Agencies

[Federal Register Volume 71, Number 162 (Tuesday, August 22, 2006)]
[Rules and Regulations]
[Pages 48823-48837]
From the Federal Register Online via the Government Printing Office [www.gpo.gov]
[FR Doc No: 06-7072]



[[Page 48824]]

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DEPARTMENT OF COMMERCE

National Oceanic and Atmospheric Administration

50 CFR Part 660

[Docket No. 051014263-6028-03; I.D. 120805A]
RIN 0648-AU00


Fisheries Off West Coast States; Pacific Coast Groundfish 
Fishery; Specifications and Management Measures

AGENCY: National Marine Fisheries Service (NMFS), National Oceanic and 
Atmospheric Administration (NOAA), Commerce.

ACTION: Temporary rule; extension.

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SUMMARY: This action extends a temporary rule, now in effect, that 
establishes the 2006 optimum yield (OY) for darkblotched rockfish 
caught in the U.S. exclusive economic zone (EEZ) off the coasts of 
Washington, Oregon, and California. This action, which is authorized by 
the Pacific Coast Groundfish Fishery Management Plan (FMP) and the 
Magnuson-Stevens Fishery Conservation and Management Act (Magnuson-
Stevens Act), is intended to protect darkblotched rockfish, an 
overfished groundfish species.

DATES: The expiration date of the temporary rule (interim darkblotched 
rockfish OY) published on February 17, 2006 (71 FR 8489), effective 
March 1, 2006, through August 27, 2006, is extended through December 
31, 2006.

ADDRESSES: Copies of the Final Environmental Impact Statement for the 
harvest specifications and management measures for the 2005-2006 
groundfish fisheries are available from Donald McIsaac, Executive 
Director, Pacific Fishery Management Council (Council), 7700 NE 
Ambassador Place, Portland, OR 97220, phone: 503-820-2280. Copies of 
the Record of Decision and final regulatory flexibility analysis for 
the 2005-2006 groundfish harvest specifications, and the Small Entity 
Compliance Guide for the 2006 groundfish harvest specifications are 
available from D. Robert Lohn, Administrator, Northwest Region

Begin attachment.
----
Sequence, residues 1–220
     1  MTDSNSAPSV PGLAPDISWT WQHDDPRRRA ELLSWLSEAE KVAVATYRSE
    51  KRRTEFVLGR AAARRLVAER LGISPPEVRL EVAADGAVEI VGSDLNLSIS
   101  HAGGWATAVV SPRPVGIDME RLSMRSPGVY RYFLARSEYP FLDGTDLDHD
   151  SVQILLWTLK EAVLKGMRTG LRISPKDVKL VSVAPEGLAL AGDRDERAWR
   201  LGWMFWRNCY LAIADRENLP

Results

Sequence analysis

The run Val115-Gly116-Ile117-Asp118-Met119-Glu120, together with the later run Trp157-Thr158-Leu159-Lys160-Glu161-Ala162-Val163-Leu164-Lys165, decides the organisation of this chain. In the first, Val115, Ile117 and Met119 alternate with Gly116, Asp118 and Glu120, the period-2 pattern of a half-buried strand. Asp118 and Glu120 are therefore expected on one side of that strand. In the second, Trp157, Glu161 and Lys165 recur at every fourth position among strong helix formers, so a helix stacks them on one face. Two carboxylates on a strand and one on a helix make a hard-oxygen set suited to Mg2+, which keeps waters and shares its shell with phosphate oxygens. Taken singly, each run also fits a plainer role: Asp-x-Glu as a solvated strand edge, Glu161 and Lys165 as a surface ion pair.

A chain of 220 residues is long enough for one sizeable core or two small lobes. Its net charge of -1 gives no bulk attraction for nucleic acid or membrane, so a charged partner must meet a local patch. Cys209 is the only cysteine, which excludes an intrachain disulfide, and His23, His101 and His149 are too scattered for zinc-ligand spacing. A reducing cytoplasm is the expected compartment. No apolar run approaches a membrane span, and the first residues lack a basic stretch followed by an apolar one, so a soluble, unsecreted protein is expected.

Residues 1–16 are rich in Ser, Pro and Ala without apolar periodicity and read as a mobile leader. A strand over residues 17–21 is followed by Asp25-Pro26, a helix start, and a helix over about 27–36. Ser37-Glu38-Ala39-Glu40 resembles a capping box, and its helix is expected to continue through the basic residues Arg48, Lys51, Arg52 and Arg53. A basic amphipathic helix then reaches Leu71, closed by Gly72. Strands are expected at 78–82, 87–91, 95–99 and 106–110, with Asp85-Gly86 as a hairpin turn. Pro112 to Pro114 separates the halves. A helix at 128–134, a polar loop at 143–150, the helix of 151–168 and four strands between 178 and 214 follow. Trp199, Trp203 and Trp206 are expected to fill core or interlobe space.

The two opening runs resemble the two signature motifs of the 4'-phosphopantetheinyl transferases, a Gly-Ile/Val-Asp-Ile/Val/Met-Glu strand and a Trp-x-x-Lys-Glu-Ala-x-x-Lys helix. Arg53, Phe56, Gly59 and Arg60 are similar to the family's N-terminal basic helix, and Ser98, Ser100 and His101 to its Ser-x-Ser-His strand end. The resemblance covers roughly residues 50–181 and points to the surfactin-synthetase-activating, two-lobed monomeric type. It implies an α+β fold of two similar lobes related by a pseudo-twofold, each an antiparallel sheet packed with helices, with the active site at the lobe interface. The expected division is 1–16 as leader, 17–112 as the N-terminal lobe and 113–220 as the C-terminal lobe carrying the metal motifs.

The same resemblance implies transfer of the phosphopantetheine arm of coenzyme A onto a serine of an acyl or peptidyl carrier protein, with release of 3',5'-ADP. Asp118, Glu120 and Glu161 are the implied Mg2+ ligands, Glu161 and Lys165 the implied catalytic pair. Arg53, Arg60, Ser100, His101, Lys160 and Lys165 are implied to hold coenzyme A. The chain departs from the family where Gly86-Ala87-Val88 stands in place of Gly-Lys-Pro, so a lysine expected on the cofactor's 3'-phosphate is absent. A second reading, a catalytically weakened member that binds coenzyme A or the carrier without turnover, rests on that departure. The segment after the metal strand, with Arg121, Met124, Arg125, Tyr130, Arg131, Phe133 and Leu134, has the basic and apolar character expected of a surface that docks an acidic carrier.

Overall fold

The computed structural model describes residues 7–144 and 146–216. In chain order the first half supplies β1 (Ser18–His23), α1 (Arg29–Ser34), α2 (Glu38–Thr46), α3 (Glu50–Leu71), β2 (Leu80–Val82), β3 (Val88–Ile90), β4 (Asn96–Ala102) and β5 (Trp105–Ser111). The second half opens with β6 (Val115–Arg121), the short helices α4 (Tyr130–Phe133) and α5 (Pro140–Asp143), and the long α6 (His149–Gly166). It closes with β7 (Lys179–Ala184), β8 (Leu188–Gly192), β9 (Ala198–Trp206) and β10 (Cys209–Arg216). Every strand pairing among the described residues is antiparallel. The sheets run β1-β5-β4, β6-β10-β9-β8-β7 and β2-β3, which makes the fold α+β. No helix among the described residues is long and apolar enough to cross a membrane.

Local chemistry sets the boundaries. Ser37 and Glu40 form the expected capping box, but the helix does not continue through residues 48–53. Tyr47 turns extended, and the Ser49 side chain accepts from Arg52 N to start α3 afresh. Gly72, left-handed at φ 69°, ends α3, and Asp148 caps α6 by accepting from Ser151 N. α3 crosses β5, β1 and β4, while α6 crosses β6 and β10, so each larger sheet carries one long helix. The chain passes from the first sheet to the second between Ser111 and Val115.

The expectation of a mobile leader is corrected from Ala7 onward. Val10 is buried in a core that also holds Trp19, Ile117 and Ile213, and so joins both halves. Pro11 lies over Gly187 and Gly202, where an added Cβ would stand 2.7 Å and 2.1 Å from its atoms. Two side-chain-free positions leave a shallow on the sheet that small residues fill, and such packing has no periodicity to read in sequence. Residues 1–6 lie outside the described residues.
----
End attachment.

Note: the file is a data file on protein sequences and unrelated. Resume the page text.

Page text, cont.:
(Regional Administrator), NMFS, 7600 Sand Point Way, NE, Seattle, WA 
98115-0070.

FOR FURTHER INFORMATION CONTACT: Jamie Goen (Northwest Region, NMFS), 
phone: 206-526-6140; fax: 206-526-6736; and e-mail: 
jamie.goen@noaa.gov.

SUPPLEMENTARY INFORMATION:

Electronic Access

    This Federal Register document is available on the Government 
Printing Office's website at: www.gpoaccess.gov/fr/index.html.
    Background information and documents are available at the NMFS 
Northwest Region website at: www.nwr.noaa.gov and at the Pacific 
Council's website at: www.pcouncil.org.

Background

    The Pacific Coast Groundfish FMP and its implementing regulations 
at title 50 in the Code of Federal Regulations, part 660, subpart G, 
regulate fishing for over 80 species of groundfish off the coasts of 
Washington, Oregon, and California. Groundfish specifications and 
management measures are developed by the Pacific Council, and are 
implemented by NMFS. The specifications and management measures for 
2005-2006 were codified in the CFR (50 CFR part 660, subpart G). They 
were published in the Federal Register as a proposed rule on September 
21, 2004 (69 FR 56550), and as a final rule on December 23, 2004 (69 FR 
77012). The final rule was subsequently amended on March 18, 2005 (70 
FR 13118); March 30, 2005 (70 FR 16145); April 19, 2005 (70 FR 20304); 
May 3, 2005 (70 FR 22808); May 4, 2005 (70 FR 23040); May 5, 2005 (70 
FR 23804); May 16, 2005 (70 FR 25789); May 19, 2005 (70 FR 28852); July 
5, 2005 (70 FR 38596); August 22, 2005 (70 FR 48897); August 31, 2005 
(70 FR 51682); October 5, 2005 (70 FR 58066); October 20, 2005 (70 FR 
61063); October 24, 2005 (70 FR 61393); November 1, 2005 (70 FR 65861); 
and December 5, 2005 (70 FR 72385). Longer-term changes to the 2006 
specifications and management measures were published in the Federal 
Register as a proposed rule on December 19, 2005 (70 FR 75115) and as a 
final rule on February 17, 2006 (71 FR 8489). The final rule was 
subsequently amended on March 27, 2006 (71 FR 10545), April 11, 2006 
(71 FR 18227), April 26, 2006 (71 FR 24601), May 11, 2006 (71 FR 
27408), May 22, 2006 (71 FR 29257), June 1, 2006 (71 FR 31104), and 
July 3, 2006 (71 FR 37839).
    Acceptable biological catches (ABCs) and OYs are established for 
each year. Management measures are established at the start of the 
biennial period, and are adjusted throughout the biennial management 
period, to keep harvest within the OYs. At the Pacific Council's 
October 31 - November 4, 2005, meeting in San Diego, CA, the Pacific 
Council, in consultation with Pacific Coast Treaty Indian Tribes and 
the States of Washington, Oregon, and California, recommended a 
reduction of the 2006 darkblotched rockfish OY to 200 mt for March